While it’s not possible to tick off absolutely everything during a New Zealand tour, you’ll certainly visit a lot of the hotspots. And because we offer tours of various lengths, we can find you one which takes in even more highlights if time allows. So whether you’re a solo traveller looking to meet like-minded people, or you’re planning to travel with friends or family, our travel specialists can help you choose the tour that’s right for you.

North Island tours

South Island tours

Activities and excursions

Best time to go

North Island tours

Most tours of New Zealand’s North Island kick off in Auckland – the country’s most populous city. Here, you’ll have the chance to explore the glittering waterfront and also climb volcanic Mount Eden, which offers spectacular panoramic views. Your next stop is then likely to be the beautiful Bay of Islands, where you can learn about Maori history at the Waitangi Treaty Grounds, spend some time out on the water, or even journey to Cape Reinga, New Zealand’s most northerly accessible point.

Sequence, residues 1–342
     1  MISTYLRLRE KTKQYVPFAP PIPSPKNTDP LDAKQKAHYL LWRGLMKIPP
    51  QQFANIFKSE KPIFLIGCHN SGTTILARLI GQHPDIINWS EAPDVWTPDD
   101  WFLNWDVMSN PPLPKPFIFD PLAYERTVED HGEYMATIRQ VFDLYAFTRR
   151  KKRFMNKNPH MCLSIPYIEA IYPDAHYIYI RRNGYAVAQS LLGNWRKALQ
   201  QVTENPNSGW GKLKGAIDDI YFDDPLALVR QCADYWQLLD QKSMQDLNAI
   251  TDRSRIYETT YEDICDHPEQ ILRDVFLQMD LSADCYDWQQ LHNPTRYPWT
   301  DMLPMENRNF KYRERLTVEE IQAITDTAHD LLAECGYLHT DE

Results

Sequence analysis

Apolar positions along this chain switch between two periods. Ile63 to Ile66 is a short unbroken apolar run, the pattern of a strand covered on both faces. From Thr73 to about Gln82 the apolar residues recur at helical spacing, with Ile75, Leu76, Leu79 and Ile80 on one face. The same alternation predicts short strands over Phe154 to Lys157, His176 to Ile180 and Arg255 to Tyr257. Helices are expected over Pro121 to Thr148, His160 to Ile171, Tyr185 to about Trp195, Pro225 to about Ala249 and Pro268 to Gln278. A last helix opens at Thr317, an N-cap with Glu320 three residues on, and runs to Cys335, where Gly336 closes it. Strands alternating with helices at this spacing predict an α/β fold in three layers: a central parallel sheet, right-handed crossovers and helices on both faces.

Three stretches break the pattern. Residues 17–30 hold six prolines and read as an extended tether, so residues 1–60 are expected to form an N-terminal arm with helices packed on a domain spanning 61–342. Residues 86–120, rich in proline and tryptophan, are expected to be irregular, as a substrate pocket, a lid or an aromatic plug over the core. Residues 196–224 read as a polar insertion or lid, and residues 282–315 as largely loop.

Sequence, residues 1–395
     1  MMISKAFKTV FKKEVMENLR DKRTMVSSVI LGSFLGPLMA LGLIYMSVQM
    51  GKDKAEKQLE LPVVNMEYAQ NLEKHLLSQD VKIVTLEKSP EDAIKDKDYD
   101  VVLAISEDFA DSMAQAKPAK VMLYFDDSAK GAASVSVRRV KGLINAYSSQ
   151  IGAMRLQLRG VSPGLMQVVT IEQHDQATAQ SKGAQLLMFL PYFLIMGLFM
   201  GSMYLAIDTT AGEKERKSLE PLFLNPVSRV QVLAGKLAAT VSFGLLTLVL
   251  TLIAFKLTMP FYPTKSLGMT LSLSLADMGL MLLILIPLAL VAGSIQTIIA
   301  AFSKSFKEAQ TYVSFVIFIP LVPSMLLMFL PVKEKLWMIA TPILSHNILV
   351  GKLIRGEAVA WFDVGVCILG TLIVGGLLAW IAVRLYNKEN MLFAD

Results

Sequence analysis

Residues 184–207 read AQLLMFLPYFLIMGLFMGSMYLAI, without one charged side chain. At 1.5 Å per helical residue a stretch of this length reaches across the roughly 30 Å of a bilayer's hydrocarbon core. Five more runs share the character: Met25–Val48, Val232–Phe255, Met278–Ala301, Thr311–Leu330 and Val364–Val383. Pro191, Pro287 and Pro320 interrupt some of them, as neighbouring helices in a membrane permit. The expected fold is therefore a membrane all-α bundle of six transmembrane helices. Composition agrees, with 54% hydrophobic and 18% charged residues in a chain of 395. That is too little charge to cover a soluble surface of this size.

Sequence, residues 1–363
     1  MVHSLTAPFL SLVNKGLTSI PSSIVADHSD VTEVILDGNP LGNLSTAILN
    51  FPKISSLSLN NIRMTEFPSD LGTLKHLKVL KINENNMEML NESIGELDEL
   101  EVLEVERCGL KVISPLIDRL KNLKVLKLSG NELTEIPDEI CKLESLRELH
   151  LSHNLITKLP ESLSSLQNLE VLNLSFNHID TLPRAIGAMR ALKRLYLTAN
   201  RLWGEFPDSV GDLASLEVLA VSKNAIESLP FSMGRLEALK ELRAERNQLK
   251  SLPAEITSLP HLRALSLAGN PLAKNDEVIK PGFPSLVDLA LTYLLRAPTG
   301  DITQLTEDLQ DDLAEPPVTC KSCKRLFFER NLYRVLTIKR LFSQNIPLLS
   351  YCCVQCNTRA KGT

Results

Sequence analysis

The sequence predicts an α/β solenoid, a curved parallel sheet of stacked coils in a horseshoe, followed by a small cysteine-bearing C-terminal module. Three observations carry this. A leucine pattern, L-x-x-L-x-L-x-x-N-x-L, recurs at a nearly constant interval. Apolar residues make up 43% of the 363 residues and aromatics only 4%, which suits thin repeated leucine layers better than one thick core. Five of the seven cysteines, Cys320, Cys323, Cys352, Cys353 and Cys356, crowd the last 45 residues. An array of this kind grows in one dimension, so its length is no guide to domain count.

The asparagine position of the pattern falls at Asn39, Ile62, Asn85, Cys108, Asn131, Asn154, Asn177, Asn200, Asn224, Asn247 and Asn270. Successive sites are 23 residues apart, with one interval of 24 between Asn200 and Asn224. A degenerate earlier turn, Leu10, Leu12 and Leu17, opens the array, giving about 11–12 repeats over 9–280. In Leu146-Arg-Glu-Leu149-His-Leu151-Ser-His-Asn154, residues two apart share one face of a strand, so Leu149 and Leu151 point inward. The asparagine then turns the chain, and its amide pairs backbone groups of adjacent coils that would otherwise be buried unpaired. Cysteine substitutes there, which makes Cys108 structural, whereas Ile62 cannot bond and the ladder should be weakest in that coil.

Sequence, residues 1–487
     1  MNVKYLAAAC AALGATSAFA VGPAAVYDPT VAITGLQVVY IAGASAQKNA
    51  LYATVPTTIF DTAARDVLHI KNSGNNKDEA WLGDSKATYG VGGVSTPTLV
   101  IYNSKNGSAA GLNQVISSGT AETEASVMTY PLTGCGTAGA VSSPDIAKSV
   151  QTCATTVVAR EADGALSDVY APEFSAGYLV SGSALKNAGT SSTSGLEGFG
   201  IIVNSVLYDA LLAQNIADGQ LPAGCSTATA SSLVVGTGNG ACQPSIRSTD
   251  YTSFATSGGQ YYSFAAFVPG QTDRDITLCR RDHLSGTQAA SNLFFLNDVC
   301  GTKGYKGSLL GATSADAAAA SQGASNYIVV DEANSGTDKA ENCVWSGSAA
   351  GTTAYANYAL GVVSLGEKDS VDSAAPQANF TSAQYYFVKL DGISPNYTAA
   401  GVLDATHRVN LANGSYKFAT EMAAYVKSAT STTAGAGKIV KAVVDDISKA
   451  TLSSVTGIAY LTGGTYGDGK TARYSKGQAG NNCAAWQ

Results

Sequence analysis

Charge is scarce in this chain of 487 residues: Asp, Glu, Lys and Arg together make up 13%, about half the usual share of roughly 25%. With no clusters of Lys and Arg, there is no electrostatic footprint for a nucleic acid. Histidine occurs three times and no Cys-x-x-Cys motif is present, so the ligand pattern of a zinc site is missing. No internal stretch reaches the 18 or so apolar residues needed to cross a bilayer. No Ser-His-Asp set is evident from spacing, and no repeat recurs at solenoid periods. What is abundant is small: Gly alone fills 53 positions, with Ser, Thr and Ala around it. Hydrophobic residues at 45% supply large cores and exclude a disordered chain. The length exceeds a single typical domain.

Show More
Show Less

Rotorua and Wellington are other hotspots that usually feature on a North Island tour. Geothermal Rotorua is a fascinating place, packed full of boiling mud pools, steam vents and active geysers – and it’s also possible to take in an authentic Maori performance or enjoy a traditional hangi feast. Wellington, meanwhile, is a little different. New Zealand’s compact capital, it’s got endless bars and restaurants, heaps of cultural attractions, lovely botanic gardens, and a delightful setting overlooking the Cook Strait. There’s even the odd beach or two where you might be able to squeeze in a bit of downtime during your New Zealand tour.

Show More
Show Less

South Island tours

New Zealand’s South Island’s a real scene stealer, delivering jaw-dropping views round every corner. On the east coast lie the island’s biggest cities – artsy Christchurch, the most English of all New Zealand’s urban centres, and historic Dunedin, famed for its Edwardian and Victorian architecture. And between the two, you’ll find the lush vineyards and braided rivers of the pastoral Canterbury Plains.

Show More
Show Less